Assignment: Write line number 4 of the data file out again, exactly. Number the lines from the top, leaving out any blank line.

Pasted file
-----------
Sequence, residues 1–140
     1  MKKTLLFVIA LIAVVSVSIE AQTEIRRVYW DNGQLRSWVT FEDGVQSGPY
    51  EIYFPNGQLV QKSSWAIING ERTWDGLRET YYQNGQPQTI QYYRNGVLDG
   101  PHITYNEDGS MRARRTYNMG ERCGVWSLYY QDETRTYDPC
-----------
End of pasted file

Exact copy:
   101  PHITYNEDGS MRARRTYNMG ERCGVWSLYY QDETRTYDPC